Wednesday, April 22, 2015
Pavilion Theater to be Replaced by Apartments?
"The Pavilion Theater, the nine-screen movie theater at the corner of Prospect Park and 15th Street in Brooklyn, will be turned into apartments. The Real Deal reports, Hidrock Realty, a Herald Square-based firm that bought the iconic Art Deco property at 188 Prospect Park West for $16 million in 2006, is planning to build a 24-unit building on the site," according to a Department of Buildings permit application obtained by the website.
The application also reveals that Hidrock is planning for a new six-story building that is slated to replace the 33,000-square-foot cinema. New plans call for nearly 46,000 square feet of residential space and 24 apartments. The building will also include roughly 8,000 square feet of commercial space. The median sales price for homes in Park Slope between January 15 and April 15 was roughly $1 million, according to Trulia, which is almost 64 percent higher than the median sales price in the rest of the borough.
Hidrock also bought the neighboring restaurant, the former Circles Cafe, and has been talking to architecture firms, even though the theater's lease was set to last through 2022. The firm Morris Adjmi Architects, whose projects includeThe Wythe Hotel, is listed as the architect of record on the DOB papers filed yesterday." (Gothamist)
The first theater at this site was the Marathon, which operated from 1907 to 1927. Its replacement, the Sanders (the current Pavilion building), opened in 1928, and had a fifty year run before screens fell dark. It reopened in 1996, with the new owner, Norman Adie, promising its rebirth as an art-house venue. Sadly this was not to be. Instead, it offered only run-of-the-mill big-budget films, and a less-than-clean movie-going experience. Broken seats, filthy floors, erratic screening times, and rumors of bedbugs became the new norm. Adie, who also took over the former Flatbush Plaza & the Brooklyn Heights Cinema, sold the Pavilion in 2002. In 2011 he was convicted of Federal Securities & wire fraud & served time in Federal prison. In 2012, Cinema Holdings group promised better services, & provided something of a makeover, but its reputation did not significantly improve.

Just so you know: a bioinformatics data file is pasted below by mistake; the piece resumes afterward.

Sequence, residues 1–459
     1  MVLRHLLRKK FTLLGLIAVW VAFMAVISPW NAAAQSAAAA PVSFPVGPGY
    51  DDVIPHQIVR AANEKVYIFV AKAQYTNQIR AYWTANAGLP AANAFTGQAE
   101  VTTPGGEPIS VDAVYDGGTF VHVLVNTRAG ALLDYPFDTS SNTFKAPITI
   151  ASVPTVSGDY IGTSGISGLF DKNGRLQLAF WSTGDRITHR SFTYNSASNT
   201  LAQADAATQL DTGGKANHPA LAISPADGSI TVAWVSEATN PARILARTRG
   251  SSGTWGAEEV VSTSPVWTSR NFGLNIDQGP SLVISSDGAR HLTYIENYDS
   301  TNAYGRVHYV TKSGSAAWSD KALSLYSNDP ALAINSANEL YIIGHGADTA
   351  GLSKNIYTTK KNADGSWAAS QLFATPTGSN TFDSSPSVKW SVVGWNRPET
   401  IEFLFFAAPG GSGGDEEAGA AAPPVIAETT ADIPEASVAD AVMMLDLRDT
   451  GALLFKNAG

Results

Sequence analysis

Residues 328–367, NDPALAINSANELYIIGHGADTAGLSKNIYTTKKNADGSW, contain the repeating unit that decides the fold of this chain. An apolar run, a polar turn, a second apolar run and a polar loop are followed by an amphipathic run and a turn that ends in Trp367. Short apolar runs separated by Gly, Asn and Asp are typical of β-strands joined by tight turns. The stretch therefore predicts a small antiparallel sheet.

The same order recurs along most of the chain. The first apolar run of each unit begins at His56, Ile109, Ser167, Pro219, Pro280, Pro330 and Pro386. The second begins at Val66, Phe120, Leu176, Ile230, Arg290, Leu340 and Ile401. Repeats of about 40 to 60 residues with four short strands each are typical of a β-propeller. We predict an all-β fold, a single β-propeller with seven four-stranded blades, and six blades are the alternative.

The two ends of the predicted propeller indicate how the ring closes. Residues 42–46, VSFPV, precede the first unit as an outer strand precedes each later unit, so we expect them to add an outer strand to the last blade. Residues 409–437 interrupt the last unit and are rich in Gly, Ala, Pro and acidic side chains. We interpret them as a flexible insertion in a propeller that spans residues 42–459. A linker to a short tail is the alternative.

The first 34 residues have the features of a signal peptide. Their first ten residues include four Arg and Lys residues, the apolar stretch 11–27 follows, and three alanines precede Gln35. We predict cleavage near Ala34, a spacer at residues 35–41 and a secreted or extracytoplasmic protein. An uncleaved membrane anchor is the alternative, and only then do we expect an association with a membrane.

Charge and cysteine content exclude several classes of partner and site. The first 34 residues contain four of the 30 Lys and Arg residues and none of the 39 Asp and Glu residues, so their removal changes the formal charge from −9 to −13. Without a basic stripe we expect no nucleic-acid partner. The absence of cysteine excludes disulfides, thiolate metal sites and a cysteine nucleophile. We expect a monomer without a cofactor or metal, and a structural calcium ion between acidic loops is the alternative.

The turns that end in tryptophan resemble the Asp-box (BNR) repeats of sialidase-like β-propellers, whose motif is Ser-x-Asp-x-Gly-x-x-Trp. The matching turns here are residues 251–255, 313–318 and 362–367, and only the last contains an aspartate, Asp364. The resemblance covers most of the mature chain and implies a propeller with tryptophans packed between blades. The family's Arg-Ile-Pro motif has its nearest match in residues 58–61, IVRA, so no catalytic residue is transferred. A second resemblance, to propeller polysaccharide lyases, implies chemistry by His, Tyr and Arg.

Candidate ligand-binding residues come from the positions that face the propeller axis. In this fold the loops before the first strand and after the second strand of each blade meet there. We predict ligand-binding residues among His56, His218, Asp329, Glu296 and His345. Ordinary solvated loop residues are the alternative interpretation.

Surely there'll be a fight to save this neighborhood landmark? In fact, it is officially landmarked, so you would think this would have to be a conversion rather than a new building, and it's hard to see how it could be easily altered for residential purposes. Still, one doubts that there'll be more screenings there.
With the Heights cinema recently closed, the long-gone Plaza an American Apparel, and the ill-fated Pavilion apparently about to depart, our local cinema choices are dwindling. Cobble Hill Cinema, please stick around.
The Pavilion Theater (Cinema Treasures)
Feds: Heights Cinema Owner was Ponzi Schemer (Brooklyn Paper)
And here's an afternoon update from The Real Deal. Building stays, & smaller, "sophisticated" movie theater replacement "contemplated."
"UPDATED 2:35 p.m., April 22: The Pavilion Theater in Park Slope is going residential.
Hidrock Realty, a Herald Square-based firm that bought the iconic Art Deco property at 188 Prospect Park West for $16 million in 2006, is planning to convert the property and add 24 residential units to the building, according to a permit application filed with the city’s Department of Buildings Wednesday.
A spokesperson for the developer said on Wednesday afternoon that Hidrock is planning on leaving the building intact, but plans to heavily renovate the interior. Hidrock is contemplating opening a more “sophisticated” movie theater in the building’s commercial portion, the spokesperson said, and would be more “reasonably sized.” It is, he added, “the end of the existing theater.”
In 2006, Hidrock’s Abraham Hidary said that the firm didn’t have any plans of turning the theater into a residential building. “There’s no merit to ever thinking that it might be a conversion,” he told the Park Slope Courier at the time.
A Hidrock representative couldn’t immediately be reached on Wednesday morning.
New plans call for nearly 46,000 square feet of residential space and 24 apartments. The building will also include roughly 8,000 square feet of commercial space."